“Love is a gift of one’s inner most soul to another so both can be whole.”
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This is the month of love. Cinnamon hearts and overpriced prix-fixe menus seem to point out that a romantic, care-free love is easy and natural. Yet for many who are not in a satisfying, healthy relationship, it can be a time of disappointment and sadness.
For the many years I was single during this time, I wondered what was wrong with me that even though I was relatively attractive and successful, this kind of love eluded me.
When I was dating, I kept meeting men and trying to see if they would fit my stringent criteria. Were they caring enough? Attractive enough? Committed enough? Will they be good enough for me? Will they make me happy and stay with me always? Turns out, I had the question wrong. Luckily, I had a friend at the time who was quite wise, and challenged me to enter dates from a place of service and curiosity, rather than judgment.
When I met my now-husband, she encouraged me to open up to him as he really was, with his current fears and imperfections, and get curious about getting to know him. When I began to get scared, she always asked me – do you enjoy being with him? If you lived only for today, would you stay? I stayed. This was the beginning of a lifelong journey of getting to know one another.
I have told people that my key to a satisfying, long-lasting love, is to have no expectations. Of course, we all have needs and we can communicate them to one another. Having no expectations does not mean that we can’t be clear about our boundaries, interests, hopes and dreams.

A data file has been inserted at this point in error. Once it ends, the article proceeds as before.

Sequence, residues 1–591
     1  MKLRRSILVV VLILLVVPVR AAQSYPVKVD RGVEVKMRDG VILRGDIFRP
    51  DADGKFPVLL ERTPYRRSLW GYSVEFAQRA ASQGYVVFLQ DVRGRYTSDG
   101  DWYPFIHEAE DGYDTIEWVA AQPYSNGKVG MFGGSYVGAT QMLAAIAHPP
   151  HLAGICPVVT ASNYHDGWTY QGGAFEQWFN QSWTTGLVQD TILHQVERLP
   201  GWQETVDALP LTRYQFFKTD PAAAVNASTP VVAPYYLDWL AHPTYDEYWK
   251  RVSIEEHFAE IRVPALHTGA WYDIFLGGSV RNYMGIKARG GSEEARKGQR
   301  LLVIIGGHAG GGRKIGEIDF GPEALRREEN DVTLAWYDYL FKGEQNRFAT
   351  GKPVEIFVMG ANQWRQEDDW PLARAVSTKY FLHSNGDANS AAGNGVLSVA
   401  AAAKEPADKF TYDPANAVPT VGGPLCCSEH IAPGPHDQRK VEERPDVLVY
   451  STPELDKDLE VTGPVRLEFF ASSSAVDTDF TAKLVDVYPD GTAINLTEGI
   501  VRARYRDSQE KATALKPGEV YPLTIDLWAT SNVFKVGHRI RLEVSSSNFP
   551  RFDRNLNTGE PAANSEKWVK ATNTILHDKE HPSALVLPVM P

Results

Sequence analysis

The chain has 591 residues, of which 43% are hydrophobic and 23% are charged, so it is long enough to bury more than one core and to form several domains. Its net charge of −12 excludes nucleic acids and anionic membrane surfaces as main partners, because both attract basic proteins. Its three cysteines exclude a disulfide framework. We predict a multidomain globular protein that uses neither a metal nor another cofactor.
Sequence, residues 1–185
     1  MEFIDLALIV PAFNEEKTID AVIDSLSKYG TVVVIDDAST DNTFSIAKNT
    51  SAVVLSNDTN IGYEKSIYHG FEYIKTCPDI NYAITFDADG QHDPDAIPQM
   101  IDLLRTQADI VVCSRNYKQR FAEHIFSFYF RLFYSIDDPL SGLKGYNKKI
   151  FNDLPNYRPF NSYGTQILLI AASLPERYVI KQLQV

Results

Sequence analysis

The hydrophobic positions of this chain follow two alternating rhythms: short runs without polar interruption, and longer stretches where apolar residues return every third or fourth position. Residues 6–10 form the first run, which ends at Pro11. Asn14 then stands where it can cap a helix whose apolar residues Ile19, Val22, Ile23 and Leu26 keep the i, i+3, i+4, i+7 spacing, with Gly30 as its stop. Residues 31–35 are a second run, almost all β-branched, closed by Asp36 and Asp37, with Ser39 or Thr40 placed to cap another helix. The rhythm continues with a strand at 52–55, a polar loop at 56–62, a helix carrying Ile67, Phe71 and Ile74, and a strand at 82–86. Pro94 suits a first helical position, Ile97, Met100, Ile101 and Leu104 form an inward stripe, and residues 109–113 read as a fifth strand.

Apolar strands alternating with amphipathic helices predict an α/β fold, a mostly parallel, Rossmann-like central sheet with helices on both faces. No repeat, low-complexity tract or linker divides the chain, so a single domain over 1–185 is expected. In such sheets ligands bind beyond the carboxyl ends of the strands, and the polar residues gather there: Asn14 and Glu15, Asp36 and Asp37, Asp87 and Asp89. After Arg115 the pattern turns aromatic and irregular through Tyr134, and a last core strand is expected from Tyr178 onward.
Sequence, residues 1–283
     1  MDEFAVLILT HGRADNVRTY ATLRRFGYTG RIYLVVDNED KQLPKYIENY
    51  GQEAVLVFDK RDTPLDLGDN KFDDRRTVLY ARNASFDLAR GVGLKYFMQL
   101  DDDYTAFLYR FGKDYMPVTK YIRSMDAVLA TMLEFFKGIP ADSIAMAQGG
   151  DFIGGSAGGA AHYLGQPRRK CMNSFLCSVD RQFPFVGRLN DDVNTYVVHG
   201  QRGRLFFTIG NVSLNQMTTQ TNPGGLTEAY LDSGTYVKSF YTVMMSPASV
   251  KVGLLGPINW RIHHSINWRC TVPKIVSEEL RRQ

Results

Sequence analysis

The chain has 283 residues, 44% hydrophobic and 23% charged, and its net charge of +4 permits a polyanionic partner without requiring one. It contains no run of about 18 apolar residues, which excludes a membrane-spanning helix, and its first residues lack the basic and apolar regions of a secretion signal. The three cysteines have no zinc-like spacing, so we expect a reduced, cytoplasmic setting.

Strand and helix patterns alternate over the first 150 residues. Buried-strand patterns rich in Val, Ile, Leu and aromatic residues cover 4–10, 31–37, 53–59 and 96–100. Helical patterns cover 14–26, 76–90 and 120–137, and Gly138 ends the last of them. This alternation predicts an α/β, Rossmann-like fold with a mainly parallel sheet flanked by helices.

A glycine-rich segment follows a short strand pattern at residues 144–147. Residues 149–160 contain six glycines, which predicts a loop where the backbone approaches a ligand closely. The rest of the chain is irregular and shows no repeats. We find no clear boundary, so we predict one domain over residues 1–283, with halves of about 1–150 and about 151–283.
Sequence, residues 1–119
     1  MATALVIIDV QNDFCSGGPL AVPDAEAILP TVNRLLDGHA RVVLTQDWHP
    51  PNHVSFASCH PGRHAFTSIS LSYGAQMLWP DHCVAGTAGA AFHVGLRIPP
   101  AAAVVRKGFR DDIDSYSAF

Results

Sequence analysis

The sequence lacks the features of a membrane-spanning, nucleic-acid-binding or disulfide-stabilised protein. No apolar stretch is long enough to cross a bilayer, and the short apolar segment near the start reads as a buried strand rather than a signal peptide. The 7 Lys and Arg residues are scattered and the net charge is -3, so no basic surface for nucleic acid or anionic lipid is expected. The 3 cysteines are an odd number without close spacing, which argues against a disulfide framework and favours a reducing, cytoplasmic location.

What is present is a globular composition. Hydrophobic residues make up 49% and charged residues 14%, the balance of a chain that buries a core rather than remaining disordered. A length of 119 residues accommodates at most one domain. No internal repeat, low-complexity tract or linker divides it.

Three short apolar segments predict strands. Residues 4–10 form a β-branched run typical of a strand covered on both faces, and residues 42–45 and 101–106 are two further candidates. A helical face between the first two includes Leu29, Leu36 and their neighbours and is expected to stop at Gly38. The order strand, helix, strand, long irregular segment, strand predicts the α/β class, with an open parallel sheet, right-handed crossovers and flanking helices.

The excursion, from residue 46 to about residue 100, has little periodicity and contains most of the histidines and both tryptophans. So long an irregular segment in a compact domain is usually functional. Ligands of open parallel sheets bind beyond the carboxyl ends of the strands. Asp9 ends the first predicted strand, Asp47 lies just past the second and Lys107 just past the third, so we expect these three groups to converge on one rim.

Yet in my experience, the more I can drop my own story line, take responsibility for my own well-being, and open up to another human being, just as he or she is, the more I can open to love.
This month, I challenge you to notice your thoughts when you are in relationship – with your partner, your colleague, your boss, a stranger.
Are you asking yourself “what about ME?” What would happen if instead, you asked “what about YOU?”
Here are some ways that you can begin to change the question:
1. Become Curious
- Next time you go on a date, job interview, or a meeting with someone new, take a moment prior to entering.
- Notice any thoughts about “Will they like me?” and how this feels in the body.
- Take a breath, and choose to focus instead on really getting to know the person.
- What is this person really like? What makes them tick? How can you be helpful to them?
2. Pause The Judgment
- When you are interacting with a friend, family member or colleague that rubs you the wrong way, notice the constant judgment that goes on in your head about them.
- How they are not smart enough / thoughtful enough / relaxed enough / organized enough…
- Now put those thoughts aside, and begin to notice their face.
- What do their eyes tell you? Is there any pain or suffering there? Can you begin to empathize with whatever it might be that is making them act in these ways?
3. Act On Your Needs
- Bring your attention to a constant complaint you have about a loved one.
- Perhaps they never do the dishes, aren’t organized enough around the house, or don’t remember dates that are important to you.
- Ask yourself – Why is their behavior bothering you? What is the need that is not being met by their actions?
- Then, find a way to meet this need for yourself today.
In allowing ourselves to become genuinely interested in and present with the people we come into contact with, noticing our judgment of them, and taking responsibility for meeting our needs, we will find that love is not something that comes in shiny red hearts, chocolates and roses, but an essential part of being human. Underneath the fears, anxieties, and endless dialogues about the story of me, lies an ocean of love, just waiting to be touched upon and shared freely.
Get curious about others and watch the magic happen…